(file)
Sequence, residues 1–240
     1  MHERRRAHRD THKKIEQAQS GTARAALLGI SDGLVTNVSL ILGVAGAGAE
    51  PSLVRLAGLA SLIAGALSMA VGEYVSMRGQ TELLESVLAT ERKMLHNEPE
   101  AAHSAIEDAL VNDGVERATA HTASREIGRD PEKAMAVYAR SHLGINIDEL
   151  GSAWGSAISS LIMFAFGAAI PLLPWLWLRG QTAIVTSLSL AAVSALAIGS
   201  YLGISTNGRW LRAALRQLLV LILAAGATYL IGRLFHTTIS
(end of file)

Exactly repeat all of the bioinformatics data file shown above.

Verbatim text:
Sequence, residues 1–240
     1  MHERRRAHRD THKKIEQAQS GTARAALLGI SDGLVTNVSL ILGVAGAGAE
    51  PSLVRLAGLA SLIAGALSMA VGEYVSMRGQ TELLESVLAT ERKMLHNEPE
   101  AAHSAIEDAL VNDGVERATA HTASREIGRD PEKAMAVYAR SHLGINIDEL
   151  GSAWGSAISS LIMFAFGAAI PLLPWLWLRG QTAIVTSLSL AAVSALAIGS
   201  YLGISTNGRW LRAALRQLLV LILAAGATYL IGRLFHTTIS